Skip to content
opens in a new window
Advertiser Product close Advertisement
Advertiser Product
Advertiser Product
Advertiser Product Advertiser Product Advertiser Product Advertiser Product

New Climate, Health Care & Tax Law Includes Boosts for Agriculture

Jennifer Zurko
Article Image

In August, President Biden signed to enact the climate, health care and tax law known as the Inflation Reduction Act (IRA). While the IRA represents nearly 18 months of congressional work and negotiations, probably few outside of Washington could say what all is included.

Earlier this month, AmericanHort explored how Congress raised the roughly $737 billion to offset new spending and deficit reduction. Fortunately, several painful tax increases were avoided in the final agreement, which was a key AmericanHort advocacy priority. Now, we look closer at highlights within the nearly $48 billion for agriculture, rural development, drought resiliency and forestry programs, which are broken out as follows:

• $19.5 billion for Farm Bill conservation programs

• $13.3 billion for rural development programs

• $4 billion for western drought resiliency

• $6 billion for FSA farm loan borrower assistance

• $5 billion for forestry programs  

Although less than initially proposed in the original Build Back Better bill, the new act spends big on the expansion of green spaces in cities. It invests $1.5 billion in the Urban and Community Forestry Assistance program, a technical, financial and education assistance program at the U.S. Department of Agriculture (USDA) to plant and care for trees. The funding infusion for grants to local entities represents more than five times the program’s current funding level, which the nonprofit American Forests estimates will plant and protect more than 23 million trees in urban areas over the next 10 years.

The act provides an unprecedented level of funding, $19.5 billion above the previous level authorized by the Farm Bill, for USDA’s environmental quality incentives, conservation assistance and quantification of on-farm carbon sequestration. Nursery and floriculture growers stand to benefit the most from new funding for the Environmental Quality Incentives Program (EQIP), which receives $8.45 billion. EQIP helps share the cost with growers for improvements to irrigation, pest management, energy efficiency and more. (Curious whether EQIP is right for you? Learn more at or contact your local USDA Natural Resources Conservation Service office at where conservation planners can get you started with free, one-on-one assistance to identify improvements that best fit your needs.)

Assistance to growers also comes in the form of debt relief and loan modification for distressed borrowers of direct or guaranteed loans administered by the Farm Service Agency. USDA says it’s still reviewing the new authorities, but it expects to expeditiously implement the $3.1 billion relief program.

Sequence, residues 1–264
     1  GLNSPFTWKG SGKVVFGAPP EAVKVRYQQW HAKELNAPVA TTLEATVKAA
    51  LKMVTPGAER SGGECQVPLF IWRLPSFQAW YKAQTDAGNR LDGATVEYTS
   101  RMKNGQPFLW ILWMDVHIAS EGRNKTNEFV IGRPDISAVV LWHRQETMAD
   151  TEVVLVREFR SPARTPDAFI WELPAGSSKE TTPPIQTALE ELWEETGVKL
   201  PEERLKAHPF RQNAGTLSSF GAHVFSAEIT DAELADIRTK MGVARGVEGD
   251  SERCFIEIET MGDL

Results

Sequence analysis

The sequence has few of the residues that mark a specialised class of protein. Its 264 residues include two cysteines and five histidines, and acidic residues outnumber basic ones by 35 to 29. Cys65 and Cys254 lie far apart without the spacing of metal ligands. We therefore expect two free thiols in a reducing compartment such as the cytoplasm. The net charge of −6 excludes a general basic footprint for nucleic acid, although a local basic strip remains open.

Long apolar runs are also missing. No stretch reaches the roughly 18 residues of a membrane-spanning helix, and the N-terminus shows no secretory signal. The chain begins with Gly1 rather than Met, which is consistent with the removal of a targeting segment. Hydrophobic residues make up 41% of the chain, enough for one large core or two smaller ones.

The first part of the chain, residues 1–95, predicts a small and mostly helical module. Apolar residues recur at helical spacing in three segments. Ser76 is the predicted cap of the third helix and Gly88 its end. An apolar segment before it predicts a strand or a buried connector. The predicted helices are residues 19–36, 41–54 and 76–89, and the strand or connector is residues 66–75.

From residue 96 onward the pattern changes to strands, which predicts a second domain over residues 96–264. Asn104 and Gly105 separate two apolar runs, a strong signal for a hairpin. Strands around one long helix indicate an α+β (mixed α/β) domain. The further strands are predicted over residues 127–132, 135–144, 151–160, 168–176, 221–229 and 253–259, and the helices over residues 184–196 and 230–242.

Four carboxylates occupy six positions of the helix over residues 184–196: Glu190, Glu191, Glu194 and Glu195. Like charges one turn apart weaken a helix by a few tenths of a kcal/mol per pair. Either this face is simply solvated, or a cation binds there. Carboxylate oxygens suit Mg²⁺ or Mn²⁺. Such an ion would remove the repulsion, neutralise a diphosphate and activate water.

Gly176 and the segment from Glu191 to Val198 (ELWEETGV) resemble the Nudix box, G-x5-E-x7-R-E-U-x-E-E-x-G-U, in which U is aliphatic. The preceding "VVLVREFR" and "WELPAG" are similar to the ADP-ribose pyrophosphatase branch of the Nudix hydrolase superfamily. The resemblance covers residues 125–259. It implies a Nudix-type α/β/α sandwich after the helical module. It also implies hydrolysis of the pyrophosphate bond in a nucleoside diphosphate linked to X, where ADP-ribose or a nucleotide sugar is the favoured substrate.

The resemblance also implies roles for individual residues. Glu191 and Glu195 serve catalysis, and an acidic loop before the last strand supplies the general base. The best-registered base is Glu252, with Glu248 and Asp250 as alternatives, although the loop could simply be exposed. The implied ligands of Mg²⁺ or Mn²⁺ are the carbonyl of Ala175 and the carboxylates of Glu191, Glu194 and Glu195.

In the eleventh hour, Sen. Krysten Sinema (D-AZ) negotiated $4 billion for drought mitigation across the American West, noting the region “continues experiencing historic drought.” The new funding complements $8 billion for water infrastructure enacted last fall in the bipartisan infrastructure bill. The additional $4 billion will support multi-year, local water conservation initiatives, such as incentivizing farmers to cut down on water usage or encouraging conversion to more drought-resilient landscaping.

Meanwhile, as our partners at Pinion (formerly K-Coe Isom) point out, the IRA carries a final ancillary benefit of funding the expansion of USDA climate-focused programs outside of the normal Farm Bill, the re-write of which is currently underway. Pinion analysts wrote in a blog post, “This funding may expedite consideration of the 2023 Farm Bill since many of the conservation programs will already be funded through the Inflation Reduction Act.”

—Evan Lee, Director of Policy and Government Relations, AmericanHort

FNGLA Joins Coalition Letter Urging Senate Action

In August, FNGLA lent its support onto a letter, organized by the Agriculture Workforce Coalition, urging the United States Senate to pass an agricultural workforce reform bill this session of Congress. The letter provides a multitude of reasons on the need for reform—from national security to addressing the challenges in the domestic workforce—while also pointing out the decreasing number of farms in general because of various challenges. More than 400 other organizations joined in support of the letter.

For background, the House passed their version of agricultural workforce reform, the bipartisan Farm Workforce Modernization Act, early in 2021. In short, the FWMA had three areas of focus: stabilizing the current workforce, H-2A reforms and enforcement. Ultimately, this legislation, along with overall efforts in the Senate on agriculture workforce reform, have been slow to develop.

What will ultimately happen? Time is running out, but advocates in Washington, D.C., continue to push.

—Tal Coley, CEO, Florida Nursery, Growers & Landscape Association

News, views, commentary and event coverage about the policies and legislation that directly affect our industry. Share your thoughts, opinions and news with me:

Advertiser Product Advertiser Product